W2 Activity: Place Matters

First of all, I did better than I expected on the health equity quiz. I got a 7 out of 10. One of the questions I got wrong asked about who is the healthiest group of people in the US and based on the previous questions and answers, and from my own common knowledge, I chose non-Hispanic whites, but the answer was actually recent Latino immigrants. I found that to be very interesting, especially since they come from a poor environment and after living in the United States for only a few years, they began developing more diseases. Another question I got wrong asked about the wage differences between the richest and poorest of people living in the US and I found it surprising and sad that the top 1% of wealthy people have more money than the bottom 90% of people combined. That’s very unfortunate, but shows how realistic the gap is between the wealthy and poor. Then, from our lecture material and the quiz answers, we know that those with less money usually have more health concerns, but we also seen that in other parts of the world, thats not always the case.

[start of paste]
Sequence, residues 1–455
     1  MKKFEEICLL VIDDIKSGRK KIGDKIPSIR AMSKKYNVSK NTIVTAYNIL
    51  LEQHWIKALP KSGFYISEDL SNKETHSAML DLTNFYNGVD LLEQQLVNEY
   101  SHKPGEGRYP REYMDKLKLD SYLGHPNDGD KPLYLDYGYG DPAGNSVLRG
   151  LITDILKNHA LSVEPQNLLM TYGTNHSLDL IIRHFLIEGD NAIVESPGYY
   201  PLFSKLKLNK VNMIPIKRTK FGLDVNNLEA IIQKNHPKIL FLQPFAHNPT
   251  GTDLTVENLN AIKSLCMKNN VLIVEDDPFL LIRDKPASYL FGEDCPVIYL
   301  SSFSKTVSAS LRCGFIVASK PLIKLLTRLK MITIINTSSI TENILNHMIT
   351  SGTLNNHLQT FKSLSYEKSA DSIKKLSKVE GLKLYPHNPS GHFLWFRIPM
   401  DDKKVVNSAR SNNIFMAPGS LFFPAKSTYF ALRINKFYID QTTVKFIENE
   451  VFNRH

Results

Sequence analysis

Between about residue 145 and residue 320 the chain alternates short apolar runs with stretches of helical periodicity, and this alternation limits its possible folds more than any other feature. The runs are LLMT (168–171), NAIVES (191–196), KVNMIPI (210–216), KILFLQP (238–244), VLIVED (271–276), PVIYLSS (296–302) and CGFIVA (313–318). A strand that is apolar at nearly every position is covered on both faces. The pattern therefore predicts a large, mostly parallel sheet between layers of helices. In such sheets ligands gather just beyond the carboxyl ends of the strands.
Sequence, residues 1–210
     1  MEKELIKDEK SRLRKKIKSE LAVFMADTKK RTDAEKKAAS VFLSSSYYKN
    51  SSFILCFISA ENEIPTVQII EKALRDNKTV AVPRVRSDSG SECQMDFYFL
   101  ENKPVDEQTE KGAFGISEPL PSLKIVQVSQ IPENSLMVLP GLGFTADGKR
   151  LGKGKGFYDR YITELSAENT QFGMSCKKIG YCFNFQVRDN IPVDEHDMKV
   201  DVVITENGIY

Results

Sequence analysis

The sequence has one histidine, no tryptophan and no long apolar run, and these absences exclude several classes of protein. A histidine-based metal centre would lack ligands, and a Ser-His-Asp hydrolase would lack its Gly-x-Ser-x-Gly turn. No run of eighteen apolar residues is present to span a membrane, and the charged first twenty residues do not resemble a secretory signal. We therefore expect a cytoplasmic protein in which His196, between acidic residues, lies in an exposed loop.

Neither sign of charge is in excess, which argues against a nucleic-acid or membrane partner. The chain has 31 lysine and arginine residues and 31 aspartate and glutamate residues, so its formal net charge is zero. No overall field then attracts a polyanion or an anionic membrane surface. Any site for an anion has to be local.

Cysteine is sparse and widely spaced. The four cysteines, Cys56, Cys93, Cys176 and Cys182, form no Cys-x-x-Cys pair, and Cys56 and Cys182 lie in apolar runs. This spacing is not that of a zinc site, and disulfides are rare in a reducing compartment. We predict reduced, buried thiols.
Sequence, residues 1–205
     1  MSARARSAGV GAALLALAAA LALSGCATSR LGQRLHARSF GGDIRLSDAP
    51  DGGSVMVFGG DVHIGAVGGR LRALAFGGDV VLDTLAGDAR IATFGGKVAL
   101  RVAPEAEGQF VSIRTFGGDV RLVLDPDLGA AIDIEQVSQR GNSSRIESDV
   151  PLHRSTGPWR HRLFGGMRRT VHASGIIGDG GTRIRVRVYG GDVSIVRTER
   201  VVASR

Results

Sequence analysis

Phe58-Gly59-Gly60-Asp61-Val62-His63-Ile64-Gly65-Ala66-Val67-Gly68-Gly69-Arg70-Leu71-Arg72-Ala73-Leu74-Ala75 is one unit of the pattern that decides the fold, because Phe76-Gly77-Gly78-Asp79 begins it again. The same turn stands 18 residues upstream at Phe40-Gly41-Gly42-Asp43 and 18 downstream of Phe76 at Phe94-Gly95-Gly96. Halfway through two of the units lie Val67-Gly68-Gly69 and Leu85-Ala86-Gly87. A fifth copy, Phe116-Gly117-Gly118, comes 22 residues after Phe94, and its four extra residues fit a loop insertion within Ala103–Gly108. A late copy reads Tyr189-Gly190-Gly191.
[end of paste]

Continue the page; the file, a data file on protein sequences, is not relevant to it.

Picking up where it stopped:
As mentioned in the prompt, we often associate developed and urbanization communities with having better health statuses. However, as seen in the quiz, that is not always true. For example, one of the statistics say that the Unites States is the 2nd most wealthiest country in the world, yet we are ranked in29th place for life expectancy. You would think with the technology and advancements that we have, we would be living longer and more healthy lives. The problem comes when there are huge gaps in socioeconomic status. This is when the wealthy carry a majority of a communities income, and resources are limited in poorer communities. In US, the single most important predictor of health is wealth. Power and resources help regulate health status. Those on bottom of socioeconomic pyramid have little to no control over frequent heath threats which in turn increases the risk of chronic disease in these communities.